World Vitiligo Day

Vitiligo is a skin pigmentation condition that results in the loss of the brown skin pigment melanin. Pigments are typically […]

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Vitiligo is a skin pigmentation condition that results in the loss of the brown skin pigment melanin. Pigments are typically produced by particular skin cells known as melanocytes. 

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Spotlight on Vitiligo: Understanding, Coping, and Treating White Patches

June 25th is World Vitiligo Day! The campaign was initiated in 2011 by the non-profit organizations VR Foundation (USA) and VITSAF (Nigeria) and their supporters across the world. #WorldVitiligoDay aims to bring this “forgotten” disease into the public eye and shine a light on the challenges faced by those suffering from vitiligo.

Its mission has evolved over time, from spreading awareness of vitiligo to recognizing the bullying, social neglect, psychological distress, and impairments that millions of people with vitiligo experience.

Vitiligo: At a glance Vitiligo is a skin pigmentation disorder. It stops the production of pigments in certain areas of the body, causing white patches to appear on the skin.

Vitiligo does not cause pain, is not life-threatening, and is not contagious.

Many people find the changes in their skin distressing, in many cases because they feel stigmatized by others.

Treatment with medication and light can bring about a partial improvement in skin pigmentation.

What is Vitiligo?

Vitiligo is a skin pigmentation condition that results in the loss of the brown skin pigment melanin. Pigments are typically produced by particular skin cells known as melanocytes. Vitiligo occurs when the immune system, by error, attacks and destroys melanocytes, causing pigment production to cease. This results in the formation of white patches on the skin.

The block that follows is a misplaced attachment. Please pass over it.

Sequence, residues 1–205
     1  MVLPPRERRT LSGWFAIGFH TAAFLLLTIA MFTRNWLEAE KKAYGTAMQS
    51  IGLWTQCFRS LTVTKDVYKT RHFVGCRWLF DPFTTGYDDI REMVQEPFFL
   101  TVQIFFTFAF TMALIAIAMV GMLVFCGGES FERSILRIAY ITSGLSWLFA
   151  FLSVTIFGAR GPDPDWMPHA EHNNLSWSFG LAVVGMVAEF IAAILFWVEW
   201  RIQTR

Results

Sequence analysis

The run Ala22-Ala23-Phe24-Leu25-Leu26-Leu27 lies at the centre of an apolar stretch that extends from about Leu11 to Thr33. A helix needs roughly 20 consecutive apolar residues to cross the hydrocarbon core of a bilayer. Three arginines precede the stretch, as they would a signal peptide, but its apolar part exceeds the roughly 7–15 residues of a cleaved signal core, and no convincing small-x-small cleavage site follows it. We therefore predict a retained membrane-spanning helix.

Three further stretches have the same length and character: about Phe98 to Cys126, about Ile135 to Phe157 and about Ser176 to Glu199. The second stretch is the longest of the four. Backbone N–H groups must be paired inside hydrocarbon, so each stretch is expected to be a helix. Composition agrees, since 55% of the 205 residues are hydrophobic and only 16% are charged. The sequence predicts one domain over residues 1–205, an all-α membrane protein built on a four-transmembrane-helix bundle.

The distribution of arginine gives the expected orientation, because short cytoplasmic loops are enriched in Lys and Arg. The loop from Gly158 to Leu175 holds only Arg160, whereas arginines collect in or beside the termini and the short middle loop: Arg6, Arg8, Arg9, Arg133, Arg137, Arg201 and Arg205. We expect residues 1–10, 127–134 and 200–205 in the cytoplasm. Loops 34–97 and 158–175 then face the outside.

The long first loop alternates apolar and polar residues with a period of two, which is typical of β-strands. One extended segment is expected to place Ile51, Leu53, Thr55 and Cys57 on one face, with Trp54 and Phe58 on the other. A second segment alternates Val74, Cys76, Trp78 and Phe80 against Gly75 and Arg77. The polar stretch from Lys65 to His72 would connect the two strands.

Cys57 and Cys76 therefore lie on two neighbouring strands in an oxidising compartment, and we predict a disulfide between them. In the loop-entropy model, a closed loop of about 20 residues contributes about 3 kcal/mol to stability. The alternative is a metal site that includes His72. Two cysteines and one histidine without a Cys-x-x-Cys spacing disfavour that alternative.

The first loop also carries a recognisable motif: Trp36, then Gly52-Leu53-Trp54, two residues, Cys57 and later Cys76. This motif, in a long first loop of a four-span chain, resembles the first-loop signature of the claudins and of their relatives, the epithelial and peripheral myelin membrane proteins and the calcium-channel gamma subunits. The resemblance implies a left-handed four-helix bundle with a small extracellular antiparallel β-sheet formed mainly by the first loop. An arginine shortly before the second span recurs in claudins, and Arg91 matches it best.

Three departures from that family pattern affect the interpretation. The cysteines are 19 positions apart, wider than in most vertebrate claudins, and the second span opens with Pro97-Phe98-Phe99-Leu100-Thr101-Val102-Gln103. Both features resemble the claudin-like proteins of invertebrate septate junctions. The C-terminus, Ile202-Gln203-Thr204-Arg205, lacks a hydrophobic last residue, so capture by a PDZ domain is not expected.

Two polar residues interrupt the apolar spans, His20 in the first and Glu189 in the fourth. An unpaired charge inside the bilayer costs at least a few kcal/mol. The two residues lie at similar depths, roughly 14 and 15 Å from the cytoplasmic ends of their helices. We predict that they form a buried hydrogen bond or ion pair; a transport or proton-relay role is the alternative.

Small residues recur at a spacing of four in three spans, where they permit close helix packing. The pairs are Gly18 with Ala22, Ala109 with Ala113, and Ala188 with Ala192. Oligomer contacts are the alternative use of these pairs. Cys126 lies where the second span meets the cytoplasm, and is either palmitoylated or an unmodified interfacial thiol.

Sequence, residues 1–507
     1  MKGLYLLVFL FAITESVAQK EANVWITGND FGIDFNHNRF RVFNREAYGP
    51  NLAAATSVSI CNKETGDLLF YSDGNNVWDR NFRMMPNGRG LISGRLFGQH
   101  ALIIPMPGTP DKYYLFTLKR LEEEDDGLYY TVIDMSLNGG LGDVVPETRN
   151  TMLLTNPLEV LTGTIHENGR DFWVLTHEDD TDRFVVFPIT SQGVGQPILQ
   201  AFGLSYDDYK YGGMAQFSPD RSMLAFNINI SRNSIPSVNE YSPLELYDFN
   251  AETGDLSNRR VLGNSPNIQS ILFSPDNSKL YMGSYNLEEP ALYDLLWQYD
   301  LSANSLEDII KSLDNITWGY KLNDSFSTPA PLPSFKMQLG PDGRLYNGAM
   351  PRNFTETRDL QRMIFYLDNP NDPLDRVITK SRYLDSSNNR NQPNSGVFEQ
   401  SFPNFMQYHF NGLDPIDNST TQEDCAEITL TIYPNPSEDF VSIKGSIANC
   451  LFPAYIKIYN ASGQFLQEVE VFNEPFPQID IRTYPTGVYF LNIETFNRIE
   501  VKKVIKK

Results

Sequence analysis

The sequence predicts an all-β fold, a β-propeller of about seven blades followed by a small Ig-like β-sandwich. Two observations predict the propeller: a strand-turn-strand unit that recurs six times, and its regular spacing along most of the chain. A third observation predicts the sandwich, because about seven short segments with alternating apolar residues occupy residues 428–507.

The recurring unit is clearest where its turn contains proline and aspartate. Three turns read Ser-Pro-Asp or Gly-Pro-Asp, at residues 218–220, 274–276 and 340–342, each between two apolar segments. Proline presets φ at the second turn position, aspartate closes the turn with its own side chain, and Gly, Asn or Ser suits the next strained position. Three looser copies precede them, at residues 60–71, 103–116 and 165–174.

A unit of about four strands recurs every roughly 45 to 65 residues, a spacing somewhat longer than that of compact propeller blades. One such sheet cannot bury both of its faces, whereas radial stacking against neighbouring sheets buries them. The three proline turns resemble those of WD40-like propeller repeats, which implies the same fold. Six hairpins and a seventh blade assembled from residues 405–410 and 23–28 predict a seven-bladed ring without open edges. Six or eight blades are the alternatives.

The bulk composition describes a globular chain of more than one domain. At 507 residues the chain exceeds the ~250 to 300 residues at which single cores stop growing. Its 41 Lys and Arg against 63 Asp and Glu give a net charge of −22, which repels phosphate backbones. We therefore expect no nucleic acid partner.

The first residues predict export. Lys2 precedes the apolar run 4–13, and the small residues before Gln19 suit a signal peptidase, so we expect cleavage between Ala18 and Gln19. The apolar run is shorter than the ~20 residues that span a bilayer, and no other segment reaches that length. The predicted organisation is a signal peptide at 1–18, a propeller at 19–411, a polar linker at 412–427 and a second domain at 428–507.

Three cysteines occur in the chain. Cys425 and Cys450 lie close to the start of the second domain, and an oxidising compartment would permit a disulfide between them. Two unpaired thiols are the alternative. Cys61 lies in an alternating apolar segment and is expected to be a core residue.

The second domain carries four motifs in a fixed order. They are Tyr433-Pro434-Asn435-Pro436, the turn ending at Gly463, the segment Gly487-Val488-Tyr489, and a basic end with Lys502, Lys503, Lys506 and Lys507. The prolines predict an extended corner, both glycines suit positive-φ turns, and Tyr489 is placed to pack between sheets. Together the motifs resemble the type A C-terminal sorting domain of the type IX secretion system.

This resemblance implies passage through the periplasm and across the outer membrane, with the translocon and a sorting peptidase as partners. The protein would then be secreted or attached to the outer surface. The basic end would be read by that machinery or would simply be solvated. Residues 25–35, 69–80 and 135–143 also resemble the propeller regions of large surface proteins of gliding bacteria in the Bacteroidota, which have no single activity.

It affects around one to two person in every hundred to some extent. Vitiligo typically begins between the ages of 10 and 30, but it can occur to anybody at any age and in any social group. When vitiligo develops at a young age, the illness typically proceeds more quickly, and the region affected by depigmentation expands.

Most of the white patches initially appear on the face, hands, and feet. When they form in isolated sections of the body, this is referred to as “localized” or “segmental” vitiligo. Typically, such depigmentation ends after about a year and does not extend further. “Generalized vitiligo” occurs when vitiligo arises on several sections of the body, typically in big patches. This kind of vitiligo relates to an increased risk of developing autoimmune diseases, the most prevalent of which is thyroid disease. To a lesser extent, type 1 diabetes, rheumatoid arthritis, and alopecia areata hair loss have been observed.

It is crucial to note that vitiligo does not reduce life expectancy, is not communicable, and the patches are not painful. However, it may have dramatic negative impact on people’s psychological well-being, particularly when vitiligo develops in visible parts of the body. It can cause challenges with self-esteem, triggering feelings of anxiety and depression. In addition, people with vitiligo sometimes isolate themselves out of fear of not being accepted.

What May Cause Vitiligo?